"Better, perhaps, to call it "dumbsizing."
Recent research by management experts finds that major job cuts by companies - the downsizing trend so dominant in the 1990s - bears little relation to intelligent cost-saving.
"There is no good evidence of positive financial benefits," says William McKinley, a professor at the College of Business and Administration at Southern Illinois University, Carbondale.
Still, the cuts keep coming, 170,475 announced through May, according to Challenger, Gray & Christmas, a Chicago outplacement firm.
That's slower than last year's pace, and no match for 1993, with its record 615,186 announced cuts.
Yet the same companies announcing job cuts are often out in the marketplace hiring. Some 63 percent of firms eliminating jobs last year were also hiring in other parts of the company, according to a 1996 survey of 1,441 companies by the American Management Association in New York.
In those companies reporting job cuts, 7.1 percent of the work force was hit. But the net job loss added up to a mere 0.7 percent.
Less than half the companies surveyed said operating profits rose after downsizing; only a third claimed greater productivity; and three quarters reported a drop in morale among surviving employees.
Other research also indicates a questionable payoff from downsizing. Professor McKinley and three other academics, examining 210 major layoffs, found a one-year boost in financial performance, then a decline.
"Layoffs do not seem to generate continuous, long-term improvement in corporate financial performance," they concluded.
Even troubled companies are unlikely to find a quick fix with job cuts, finds co-author Vincent Barker III, a business professor at the University of Wisconsin in Milwaukee.
So why continue?
"Companies today are being driven by the shareholders," says John Challenger, of Challenger, Gray & Christmas. "And the shareholders or the stock market don't believe it [the academic research]."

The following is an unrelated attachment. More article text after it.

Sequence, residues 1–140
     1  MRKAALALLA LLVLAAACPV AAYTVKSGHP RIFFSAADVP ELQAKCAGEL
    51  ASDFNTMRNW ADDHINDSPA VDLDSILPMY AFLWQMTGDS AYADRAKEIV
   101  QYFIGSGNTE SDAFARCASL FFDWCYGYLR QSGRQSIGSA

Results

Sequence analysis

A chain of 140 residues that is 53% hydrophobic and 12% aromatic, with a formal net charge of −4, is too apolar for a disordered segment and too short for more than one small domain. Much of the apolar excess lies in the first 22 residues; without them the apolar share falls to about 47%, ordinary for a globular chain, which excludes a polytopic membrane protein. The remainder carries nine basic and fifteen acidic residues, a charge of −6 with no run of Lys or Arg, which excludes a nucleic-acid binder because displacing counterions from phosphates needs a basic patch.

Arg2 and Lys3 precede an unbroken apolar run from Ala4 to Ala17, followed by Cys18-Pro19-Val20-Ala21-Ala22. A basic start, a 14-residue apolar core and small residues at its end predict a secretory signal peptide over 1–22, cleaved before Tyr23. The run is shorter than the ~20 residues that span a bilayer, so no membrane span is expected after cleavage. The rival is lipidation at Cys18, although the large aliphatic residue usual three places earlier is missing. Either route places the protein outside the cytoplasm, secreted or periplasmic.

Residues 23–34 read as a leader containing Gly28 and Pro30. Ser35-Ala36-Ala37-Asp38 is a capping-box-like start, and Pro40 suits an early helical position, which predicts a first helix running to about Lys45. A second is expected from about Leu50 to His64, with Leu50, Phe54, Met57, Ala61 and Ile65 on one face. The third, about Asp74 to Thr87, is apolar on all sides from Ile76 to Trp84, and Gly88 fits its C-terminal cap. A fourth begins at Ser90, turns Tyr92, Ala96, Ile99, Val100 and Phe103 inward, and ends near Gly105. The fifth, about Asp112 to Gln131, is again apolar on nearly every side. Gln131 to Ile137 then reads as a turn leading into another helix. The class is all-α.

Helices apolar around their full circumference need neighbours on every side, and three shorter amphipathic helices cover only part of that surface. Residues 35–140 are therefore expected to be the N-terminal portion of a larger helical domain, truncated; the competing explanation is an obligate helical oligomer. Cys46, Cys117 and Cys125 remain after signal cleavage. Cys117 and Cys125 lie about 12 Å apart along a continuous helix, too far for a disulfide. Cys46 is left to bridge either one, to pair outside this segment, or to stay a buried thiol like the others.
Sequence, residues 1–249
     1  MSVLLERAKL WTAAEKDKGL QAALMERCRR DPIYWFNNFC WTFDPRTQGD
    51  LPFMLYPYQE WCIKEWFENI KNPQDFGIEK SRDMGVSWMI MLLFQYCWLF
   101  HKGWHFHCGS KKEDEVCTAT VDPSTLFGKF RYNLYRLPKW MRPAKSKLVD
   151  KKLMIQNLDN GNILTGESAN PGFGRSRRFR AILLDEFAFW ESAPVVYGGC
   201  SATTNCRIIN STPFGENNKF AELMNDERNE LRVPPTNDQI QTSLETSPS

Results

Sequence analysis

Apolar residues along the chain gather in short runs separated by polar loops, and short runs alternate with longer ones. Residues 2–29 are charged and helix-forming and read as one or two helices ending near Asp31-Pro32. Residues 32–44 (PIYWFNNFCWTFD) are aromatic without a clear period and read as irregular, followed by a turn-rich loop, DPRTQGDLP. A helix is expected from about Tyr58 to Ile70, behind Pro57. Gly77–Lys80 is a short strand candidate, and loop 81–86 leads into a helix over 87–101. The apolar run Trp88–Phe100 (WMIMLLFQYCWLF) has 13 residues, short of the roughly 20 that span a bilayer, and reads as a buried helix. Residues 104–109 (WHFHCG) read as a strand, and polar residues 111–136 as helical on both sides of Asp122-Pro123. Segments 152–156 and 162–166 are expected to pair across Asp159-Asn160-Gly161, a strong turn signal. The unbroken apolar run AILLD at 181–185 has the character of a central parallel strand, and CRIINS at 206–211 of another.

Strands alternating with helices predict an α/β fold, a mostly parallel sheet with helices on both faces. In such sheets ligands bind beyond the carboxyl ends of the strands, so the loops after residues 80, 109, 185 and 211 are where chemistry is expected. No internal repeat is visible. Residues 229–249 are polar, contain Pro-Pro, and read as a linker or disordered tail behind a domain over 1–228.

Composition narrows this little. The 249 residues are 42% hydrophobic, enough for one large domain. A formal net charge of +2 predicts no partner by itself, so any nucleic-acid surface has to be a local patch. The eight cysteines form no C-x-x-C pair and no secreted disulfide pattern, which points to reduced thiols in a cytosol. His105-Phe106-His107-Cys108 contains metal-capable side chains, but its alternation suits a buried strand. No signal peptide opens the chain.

Mr. McKinley has a different view. "Downsizing and restructuring have become institutionalized in corporate America. For [top executives], the consequences don't matter much. Evidence of positive outcomes no longer becomes relevant. You are demonstrating your legitimacy. Restructuring has come to be seen as a way to go in management."
Roger Schmenner, of Indiana University's School of Business in Bloomington, calls downsizing "easy and dramatic. If companies feel pressed, they feel they have to take action."
A more-selective approach, redesigning work and ferreting out waste, "is a tougher, longer slog," he says.
Yet many executives consider downsizing an investment in the future.
So Mr. Schmenner and colleague Vincent Mabert examined seven companies that had downsized: Allison Engine, Amoco, Cummins Engine, Cyprus AMAX, Eli Lilly, General Electric, Inland Steel, and Towers Perrin.
Schmenner's conclusion: "There is a significant probability that you are not going to get the profitability gains from downsizing that one originally touts."
Because so many factors affect success, researchers can't always gauge the impact of downsizing. But Schmenner and Mabert, in an unpublished paper, offer these tips for effective downsizing:
1. Minimize re-hire creep. Companies often cut too deeply, then hire new employees or consultants for the necessary work. So remove the non-value-added tasks before the layoffs.
2. Keep severance costs low. Mr. Challenger says many companies now pay a week's severance per year of service, rather than two or three weeks.
3. Keep post-downsizing productivity positive. Good communications, compassion to those cut, and more than three months notice remove some of the sting.
4. Watch for hidden costs, such as poor quality from surviving workers, more overtime, lost business because of manpower shortages, and expensive wage concessions to survivors.
A VETERAN'S VIEW
Downsizing gets a whack from Harold Geneen, the noted chief executive of ITT.
Now chairman emeritus, he writes in "The Synergy Myth": "Has top management lost sight of the fact the victims are real people, with real children and real mortgages to pay? ... that they have made real contributions to the company?
"What 'downsizing' really means is: 'We just discovered layers of fat that we never knew were there.' That's incompetence, all right - top management's. It is a public admission: We have no vision.
"In a just world, people who insist on cutting so many jobs should at least think of cutting their own pay and perks."